Abigail Disney, Roy O. Disney’s granddaughter and Walt Disney’s great-niece, recently expressed her anger with working conditions for Disneyland cast members following an undercover visit in an interview with Yahoo! News’ Zainab Salbi.
Abigail said she made the visit after she received a Facebook message from a Cast Member at the park. After speaking with Cast Members, she said she was “so livid” with what she heard: “Every single one of these people I talked to were saying, ‘I don’t know how I can maintain this face of joy and warmth when I have to go home and forage for food in other people’s garbage.”
“I was so livid when I came out of there because, you know, my grandfather [Roy O. Disney] taught me to revere these people that take your tickets, that pour your soda, that scrape the bubblegum off the sidewalks every night so you walk into an immaculate place. Those people are much of the recipe for success, and in a company that’s never been more profitable, there is no excuse for any employee to be using food stamps, to be doubling up on housing, to be rationing their insulin.”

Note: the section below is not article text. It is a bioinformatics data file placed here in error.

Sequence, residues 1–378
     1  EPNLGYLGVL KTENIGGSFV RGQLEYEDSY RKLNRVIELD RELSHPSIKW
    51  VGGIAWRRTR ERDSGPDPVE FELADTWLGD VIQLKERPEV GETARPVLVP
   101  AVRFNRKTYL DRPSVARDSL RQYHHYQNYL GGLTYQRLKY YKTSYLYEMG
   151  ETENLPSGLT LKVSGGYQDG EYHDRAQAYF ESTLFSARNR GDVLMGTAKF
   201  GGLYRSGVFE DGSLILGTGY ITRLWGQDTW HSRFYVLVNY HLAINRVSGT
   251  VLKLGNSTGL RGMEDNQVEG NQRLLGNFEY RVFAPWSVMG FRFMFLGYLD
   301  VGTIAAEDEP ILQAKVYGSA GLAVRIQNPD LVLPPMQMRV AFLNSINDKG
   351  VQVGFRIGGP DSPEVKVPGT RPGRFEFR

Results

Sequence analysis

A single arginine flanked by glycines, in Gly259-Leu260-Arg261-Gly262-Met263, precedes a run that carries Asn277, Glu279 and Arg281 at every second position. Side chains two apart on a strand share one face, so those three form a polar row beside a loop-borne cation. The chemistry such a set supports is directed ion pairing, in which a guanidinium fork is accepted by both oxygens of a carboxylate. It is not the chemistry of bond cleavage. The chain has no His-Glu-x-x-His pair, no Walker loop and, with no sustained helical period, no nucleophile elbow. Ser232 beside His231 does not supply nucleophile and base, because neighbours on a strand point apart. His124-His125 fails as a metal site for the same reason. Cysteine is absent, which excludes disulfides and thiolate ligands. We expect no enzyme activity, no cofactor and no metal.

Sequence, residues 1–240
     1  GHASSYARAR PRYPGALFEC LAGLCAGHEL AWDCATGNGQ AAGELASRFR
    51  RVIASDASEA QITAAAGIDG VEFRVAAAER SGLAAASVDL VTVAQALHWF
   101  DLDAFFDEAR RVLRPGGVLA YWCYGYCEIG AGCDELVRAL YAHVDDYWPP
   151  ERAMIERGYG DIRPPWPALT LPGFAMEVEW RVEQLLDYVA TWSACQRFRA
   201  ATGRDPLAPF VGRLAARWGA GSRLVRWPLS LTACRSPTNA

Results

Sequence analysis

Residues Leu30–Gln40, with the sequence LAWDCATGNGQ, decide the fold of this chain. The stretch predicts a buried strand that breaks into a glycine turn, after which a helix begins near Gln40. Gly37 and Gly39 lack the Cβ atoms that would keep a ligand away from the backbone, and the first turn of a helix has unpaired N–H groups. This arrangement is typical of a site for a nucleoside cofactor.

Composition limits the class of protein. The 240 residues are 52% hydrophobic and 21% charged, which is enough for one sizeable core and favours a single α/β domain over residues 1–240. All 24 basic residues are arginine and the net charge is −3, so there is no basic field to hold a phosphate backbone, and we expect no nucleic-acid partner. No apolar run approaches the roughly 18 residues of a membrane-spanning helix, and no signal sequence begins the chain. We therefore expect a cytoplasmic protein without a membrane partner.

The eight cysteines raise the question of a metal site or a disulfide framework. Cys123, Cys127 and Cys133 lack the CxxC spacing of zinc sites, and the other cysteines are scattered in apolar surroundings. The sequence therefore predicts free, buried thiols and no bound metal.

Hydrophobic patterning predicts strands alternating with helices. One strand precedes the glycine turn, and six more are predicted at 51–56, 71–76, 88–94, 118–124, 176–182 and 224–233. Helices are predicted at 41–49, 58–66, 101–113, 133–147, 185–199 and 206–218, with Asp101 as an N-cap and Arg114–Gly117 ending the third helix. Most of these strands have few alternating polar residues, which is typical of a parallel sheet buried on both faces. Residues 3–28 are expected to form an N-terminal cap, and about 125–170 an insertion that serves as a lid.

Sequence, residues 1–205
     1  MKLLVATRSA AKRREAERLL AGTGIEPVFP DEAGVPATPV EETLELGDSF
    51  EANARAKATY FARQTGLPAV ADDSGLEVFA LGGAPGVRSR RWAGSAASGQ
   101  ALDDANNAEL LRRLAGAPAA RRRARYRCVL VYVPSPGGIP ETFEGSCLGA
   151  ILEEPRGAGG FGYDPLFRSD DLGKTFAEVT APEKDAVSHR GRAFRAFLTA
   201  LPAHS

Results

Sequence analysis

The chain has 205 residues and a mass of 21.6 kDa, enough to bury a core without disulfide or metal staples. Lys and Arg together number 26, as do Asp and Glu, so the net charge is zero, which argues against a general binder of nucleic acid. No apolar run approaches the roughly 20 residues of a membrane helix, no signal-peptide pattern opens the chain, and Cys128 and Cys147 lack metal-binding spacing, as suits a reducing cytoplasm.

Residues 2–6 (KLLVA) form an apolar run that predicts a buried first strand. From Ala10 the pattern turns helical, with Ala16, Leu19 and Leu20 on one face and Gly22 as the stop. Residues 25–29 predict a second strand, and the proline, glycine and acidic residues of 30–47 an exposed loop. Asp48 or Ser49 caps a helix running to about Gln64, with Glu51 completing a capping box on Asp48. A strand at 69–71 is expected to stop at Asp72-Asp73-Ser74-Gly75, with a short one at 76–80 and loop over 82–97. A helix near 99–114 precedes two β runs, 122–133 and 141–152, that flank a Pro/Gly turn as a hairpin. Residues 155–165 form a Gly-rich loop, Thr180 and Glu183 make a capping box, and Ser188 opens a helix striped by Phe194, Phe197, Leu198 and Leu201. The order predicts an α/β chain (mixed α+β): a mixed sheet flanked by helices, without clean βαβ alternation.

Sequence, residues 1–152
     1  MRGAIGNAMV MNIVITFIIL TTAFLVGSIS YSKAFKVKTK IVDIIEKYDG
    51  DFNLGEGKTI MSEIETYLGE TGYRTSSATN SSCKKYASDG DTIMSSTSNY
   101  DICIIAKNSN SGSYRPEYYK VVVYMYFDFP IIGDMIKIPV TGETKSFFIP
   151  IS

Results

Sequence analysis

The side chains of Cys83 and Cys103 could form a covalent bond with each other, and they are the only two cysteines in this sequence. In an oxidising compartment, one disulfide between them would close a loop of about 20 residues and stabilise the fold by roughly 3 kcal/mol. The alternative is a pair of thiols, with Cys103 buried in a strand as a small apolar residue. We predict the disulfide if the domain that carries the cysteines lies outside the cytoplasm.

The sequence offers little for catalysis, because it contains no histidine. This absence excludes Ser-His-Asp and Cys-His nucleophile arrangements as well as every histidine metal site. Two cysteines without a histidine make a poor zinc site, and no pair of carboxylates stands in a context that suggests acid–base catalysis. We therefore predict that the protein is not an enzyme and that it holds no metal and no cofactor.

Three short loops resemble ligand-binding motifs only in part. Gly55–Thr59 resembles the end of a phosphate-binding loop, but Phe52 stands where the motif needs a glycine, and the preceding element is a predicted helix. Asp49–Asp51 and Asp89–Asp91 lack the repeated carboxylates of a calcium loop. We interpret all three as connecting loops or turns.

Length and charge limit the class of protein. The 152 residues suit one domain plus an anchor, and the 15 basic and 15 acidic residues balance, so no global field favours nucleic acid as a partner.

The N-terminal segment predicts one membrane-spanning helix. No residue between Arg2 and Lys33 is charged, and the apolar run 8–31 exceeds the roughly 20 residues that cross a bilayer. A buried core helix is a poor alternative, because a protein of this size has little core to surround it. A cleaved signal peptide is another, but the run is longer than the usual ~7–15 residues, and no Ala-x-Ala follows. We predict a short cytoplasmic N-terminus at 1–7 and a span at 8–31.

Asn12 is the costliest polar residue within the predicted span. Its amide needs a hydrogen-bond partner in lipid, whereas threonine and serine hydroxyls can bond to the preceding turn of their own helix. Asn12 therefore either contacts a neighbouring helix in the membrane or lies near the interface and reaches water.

Abigail says she’s tried to contact The Walt Disney Company’s CEO, Bob Iger, in an attempt to start a dialogue on the matter, to no avail. She’s expressed disappointment with Iger’s lack of action. “Bob needs to understand he’s an employee, just the same as the people scrubbing gum off the sidewalk are employees, and they’re entitled to all the same dignity and human rights that he is.”
When Yahoo! News reached out to the company for comment, a spokesperson discussed their education initiative, Disney Aspire, which encourages Cast Members to pursue higher education, covering 100% of tuition costs, books, and fees, adding that over forty percent of hourly staff have signed up for the program so far, adding a statement:
“Disney is at the forefront of providing workforce education, which is widely recognized as the best way to create economic opportunity for employees and empower upward mobility. American workers need meaningful change; they deserve smart policies and practical programs, like Disney Aspire, that empower them to achieve their goals and ensure they are part of the most competitive workforce in the world.”
Abigail believes that Disney’s high earnings should help to better compensate the most vulnerable people who work for the company, adding: “I have more than enough. And if you’ve got $1 billion, there’s not a thing on this earth you can’t afford.”